If there is one thing that could derail Doncaster Rovers’ superb push for promotion, then complacency it is.
Such a fact was laid bare in a thoroughly frustrating and disappointing derby draw with neighbours Scunthorpe United.
Dominant and comfortable without being ultra threatening, they were in a position of real command by half time despite only leading through Mallik Wilks’ 25th minute strike.
But comfort gave way to needlessly slack and sloppy play after the break that not only allowed Scunthorpe into the game but let them attack in precisely the manner they were most keen to do.
It brought a 69th minute equaliser through the dangerous Kyle Wootton and it could have brought even worse.
Chalk and cheese performances, when they come with the positive first, are never easy to stomach.
Rovers potentially had another vital three points for the promotion race in their grasp but let them slip themselves rather than having them wrestled away.
LITTLE TOO COMFORTABLE
There was more than a little inference after the game from both Grant McCann and James Coppinger that they felt Rovers thought they had the game won at half time.
To an extent, they did. As long as they carried on doing what they were doing in the first half.
While lacking the defence-splitting devastation of other performances this season, Rovers were undoubtedly in control as they dominated midfield play and continually pushed an increasingly erratic Scunthorpe side onto the back foot.
Wilks was so often the outlet, up against Harrison McGahey whom he gave nightmares to when he visited the Keepmoat with previous club Rochdale in January.
While he struggled to run at the recycled full back in similar fashion on this occasion, he twisted, turned and powered away from McGahey to cut inside and cause plenty of problems.
For his goal, he drifted inside to collect a crossfield pass and clip a scruffy effort into the bottom corner. While the finish was not so emphatic, the pattern was similar to so many of Wilks’ goals – left foot, bottom corner, near post.
Scunthorpe arguably had the better chances in the first half with Wootton twice foreshadowing what was to come with backpost headers – first a diving effort straight at Marko Marosi and the second a looping one which forced the Rovers keeper to palm away well from under his bar.
But Rovers were so comfortable that the threat level felt minimal. That would change.
The game could have been put to bed early in the second half.
Herbie Kane saw a tame effort deflect wide from a good position before a truly horrendous miss from John Marquis.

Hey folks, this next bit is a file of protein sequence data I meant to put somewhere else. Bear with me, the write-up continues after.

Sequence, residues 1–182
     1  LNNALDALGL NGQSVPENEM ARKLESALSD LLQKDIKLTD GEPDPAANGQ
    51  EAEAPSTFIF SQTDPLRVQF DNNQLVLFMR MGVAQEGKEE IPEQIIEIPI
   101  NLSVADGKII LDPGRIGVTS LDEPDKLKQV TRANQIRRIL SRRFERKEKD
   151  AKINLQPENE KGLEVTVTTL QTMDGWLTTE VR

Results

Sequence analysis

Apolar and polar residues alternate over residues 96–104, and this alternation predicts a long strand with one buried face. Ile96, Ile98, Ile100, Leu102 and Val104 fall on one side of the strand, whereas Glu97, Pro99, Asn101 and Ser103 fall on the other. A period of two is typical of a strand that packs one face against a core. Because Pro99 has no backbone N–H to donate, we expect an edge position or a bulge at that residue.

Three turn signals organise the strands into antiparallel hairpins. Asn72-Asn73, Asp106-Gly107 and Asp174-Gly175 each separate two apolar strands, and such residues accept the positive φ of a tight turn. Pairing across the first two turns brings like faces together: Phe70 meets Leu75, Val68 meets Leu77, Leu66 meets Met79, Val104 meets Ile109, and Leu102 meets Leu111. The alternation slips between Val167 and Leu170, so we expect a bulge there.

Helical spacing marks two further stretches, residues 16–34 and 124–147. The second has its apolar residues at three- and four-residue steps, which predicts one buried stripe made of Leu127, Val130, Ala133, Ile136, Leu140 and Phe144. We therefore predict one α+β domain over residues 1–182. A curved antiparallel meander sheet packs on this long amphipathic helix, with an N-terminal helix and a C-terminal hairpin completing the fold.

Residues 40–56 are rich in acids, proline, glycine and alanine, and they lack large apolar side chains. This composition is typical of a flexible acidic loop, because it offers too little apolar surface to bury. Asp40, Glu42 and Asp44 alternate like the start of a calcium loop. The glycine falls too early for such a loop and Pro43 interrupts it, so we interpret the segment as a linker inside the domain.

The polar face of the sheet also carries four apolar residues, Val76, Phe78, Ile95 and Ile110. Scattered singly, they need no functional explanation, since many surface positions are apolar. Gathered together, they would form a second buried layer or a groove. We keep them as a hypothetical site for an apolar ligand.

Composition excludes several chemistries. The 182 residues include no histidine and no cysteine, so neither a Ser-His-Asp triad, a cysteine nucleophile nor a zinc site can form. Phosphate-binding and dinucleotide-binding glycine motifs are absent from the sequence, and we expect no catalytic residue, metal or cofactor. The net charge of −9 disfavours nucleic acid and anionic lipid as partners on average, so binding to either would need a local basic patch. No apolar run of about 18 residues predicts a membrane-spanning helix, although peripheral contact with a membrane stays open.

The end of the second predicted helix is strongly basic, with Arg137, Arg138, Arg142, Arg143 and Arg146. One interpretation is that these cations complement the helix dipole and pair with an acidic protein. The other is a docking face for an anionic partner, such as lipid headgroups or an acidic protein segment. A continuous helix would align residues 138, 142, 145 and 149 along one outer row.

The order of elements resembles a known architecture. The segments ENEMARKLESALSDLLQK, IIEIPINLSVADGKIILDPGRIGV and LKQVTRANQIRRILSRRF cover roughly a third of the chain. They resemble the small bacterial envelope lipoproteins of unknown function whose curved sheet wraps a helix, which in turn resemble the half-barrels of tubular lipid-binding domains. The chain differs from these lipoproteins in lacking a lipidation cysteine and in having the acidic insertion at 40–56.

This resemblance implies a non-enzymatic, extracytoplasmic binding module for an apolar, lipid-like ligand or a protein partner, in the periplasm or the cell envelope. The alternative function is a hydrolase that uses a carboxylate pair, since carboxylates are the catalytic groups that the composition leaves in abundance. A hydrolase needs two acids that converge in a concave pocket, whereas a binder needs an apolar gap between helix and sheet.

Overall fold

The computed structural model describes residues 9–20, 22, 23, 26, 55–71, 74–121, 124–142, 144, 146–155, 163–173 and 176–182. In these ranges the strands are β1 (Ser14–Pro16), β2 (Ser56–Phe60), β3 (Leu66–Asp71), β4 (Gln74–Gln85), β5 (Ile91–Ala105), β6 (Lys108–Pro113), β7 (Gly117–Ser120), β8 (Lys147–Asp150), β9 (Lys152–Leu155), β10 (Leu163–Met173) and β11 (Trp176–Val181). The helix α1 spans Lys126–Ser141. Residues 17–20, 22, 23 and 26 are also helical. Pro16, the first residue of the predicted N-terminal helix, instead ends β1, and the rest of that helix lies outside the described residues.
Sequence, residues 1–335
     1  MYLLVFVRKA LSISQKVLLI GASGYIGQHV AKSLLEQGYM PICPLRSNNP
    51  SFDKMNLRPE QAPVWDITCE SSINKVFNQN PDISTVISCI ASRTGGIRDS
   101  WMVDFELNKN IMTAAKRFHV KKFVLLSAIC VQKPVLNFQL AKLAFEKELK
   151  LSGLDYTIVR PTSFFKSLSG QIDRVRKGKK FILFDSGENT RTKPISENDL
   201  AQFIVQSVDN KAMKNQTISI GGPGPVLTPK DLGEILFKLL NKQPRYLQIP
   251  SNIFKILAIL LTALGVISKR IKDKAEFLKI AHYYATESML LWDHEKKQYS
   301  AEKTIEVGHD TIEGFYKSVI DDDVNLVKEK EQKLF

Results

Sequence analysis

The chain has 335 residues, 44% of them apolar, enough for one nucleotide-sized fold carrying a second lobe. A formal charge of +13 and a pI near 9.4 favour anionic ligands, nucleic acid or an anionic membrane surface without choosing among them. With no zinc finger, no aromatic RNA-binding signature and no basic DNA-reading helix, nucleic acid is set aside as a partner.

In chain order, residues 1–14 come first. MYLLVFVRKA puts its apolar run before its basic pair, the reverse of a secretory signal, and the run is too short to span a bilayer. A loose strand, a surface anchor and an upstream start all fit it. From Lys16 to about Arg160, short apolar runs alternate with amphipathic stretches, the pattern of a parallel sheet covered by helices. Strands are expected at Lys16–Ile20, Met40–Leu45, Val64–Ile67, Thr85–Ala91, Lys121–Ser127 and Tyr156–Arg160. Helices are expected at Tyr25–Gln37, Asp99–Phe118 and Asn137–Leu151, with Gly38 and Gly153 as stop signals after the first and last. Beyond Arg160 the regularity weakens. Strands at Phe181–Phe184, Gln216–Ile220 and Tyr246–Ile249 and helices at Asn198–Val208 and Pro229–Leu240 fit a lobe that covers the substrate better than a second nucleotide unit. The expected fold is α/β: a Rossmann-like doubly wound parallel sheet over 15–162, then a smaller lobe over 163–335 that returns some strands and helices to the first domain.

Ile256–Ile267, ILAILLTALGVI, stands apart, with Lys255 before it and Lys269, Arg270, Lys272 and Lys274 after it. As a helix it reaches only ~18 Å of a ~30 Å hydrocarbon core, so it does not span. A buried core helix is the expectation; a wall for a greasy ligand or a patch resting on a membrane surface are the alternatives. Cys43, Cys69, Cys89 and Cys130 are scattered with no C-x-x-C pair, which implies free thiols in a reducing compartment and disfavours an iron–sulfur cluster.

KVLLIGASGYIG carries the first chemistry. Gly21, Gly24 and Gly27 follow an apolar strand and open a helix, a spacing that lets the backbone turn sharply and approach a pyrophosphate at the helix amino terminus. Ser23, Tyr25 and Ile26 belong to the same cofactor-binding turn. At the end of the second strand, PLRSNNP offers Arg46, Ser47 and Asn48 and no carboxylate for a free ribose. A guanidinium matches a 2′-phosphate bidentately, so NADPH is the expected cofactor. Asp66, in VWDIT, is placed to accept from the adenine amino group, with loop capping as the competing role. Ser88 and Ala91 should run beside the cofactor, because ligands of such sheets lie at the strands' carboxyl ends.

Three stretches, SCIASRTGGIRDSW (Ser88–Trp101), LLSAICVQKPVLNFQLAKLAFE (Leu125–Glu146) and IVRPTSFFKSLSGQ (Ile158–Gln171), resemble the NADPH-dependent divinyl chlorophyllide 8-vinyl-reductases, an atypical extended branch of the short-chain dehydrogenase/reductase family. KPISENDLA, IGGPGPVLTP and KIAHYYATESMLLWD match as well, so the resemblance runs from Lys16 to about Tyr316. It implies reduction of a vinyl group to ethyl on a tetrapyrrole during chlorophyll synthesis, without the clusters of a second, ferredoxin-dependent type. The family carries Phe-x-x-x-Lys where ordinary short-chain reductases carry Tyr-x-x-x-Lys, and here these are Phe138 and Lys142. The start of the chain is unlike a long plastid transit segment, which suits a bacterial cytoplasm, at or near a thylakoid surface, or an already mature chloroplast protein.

Wilks lashed a shot off the post, Kane kept the ball in and poked a pass to Marquis who somehow sent the ball over the bar from four yards out.
Perhaps this early flurry lured Rovers into an even greater sense of security.
Passing in and out of midfield grew careless and sloppy with a degree of nonchalance not aiding the cause against a Scunthorpe side who grew more encouraged by each mistake.
There was a sense of the wrong sort of arrogance McCann has spoken of in the past, where confidence becomes dangerous over confidence.
To their credit, Scunthorpe took advantage.
After enjoying their best spell of the game they found the equaliser when McMahon raked a diagonal ball to the back post where Wootton took advantage of hesitation from Marosi and got the jump on Matty Blair to power a header home.
Most frustrating was that Rovers had been warned what to expect. A member of the backroom staff revealed afterwards McCann told his players at half time to be wary of the diagonal ball towards Wootton.
With McMahon afforded acres of space on the right, the warning was not heeded.
Rovers struggled to shake themselves out of their malaise and it was the hosts who looked the more likely to go on and win it.
There did come a late moment of threat for Rovers however that typified the second half performance.
Substitute Tyler Smith forced a mistake from keeper Jak Alnwick, who sliced a clearance backwards. But the young striker allowed the ball to roll behind for a corner rather than look up and spot Marquis on his own in the box with an empty net ahead of him.
The focus was just not quite right.
NOT AFTER LORD MAYOR’S SHOW
There could have been fears about Rovers’ performance levels following a high profile clash with Crystal Palace that sapped both energy and attention levels.
McCann admitted he had stopped a training session early in the week after feeling his players were not quite at it.
But the first half performance dismissed any fears that it was a case of after the Lord Mayor’s show.
The second half performance did suggest however there could be a case of believing the hype from one or two in the camp.
Anyone with anything like that mindset was dealt a sharp lesson in focus that they should hopefully heed heading into Tuesday’s clash with Shrewsbury Town.
Complacency is not something Rovers can afford to possess.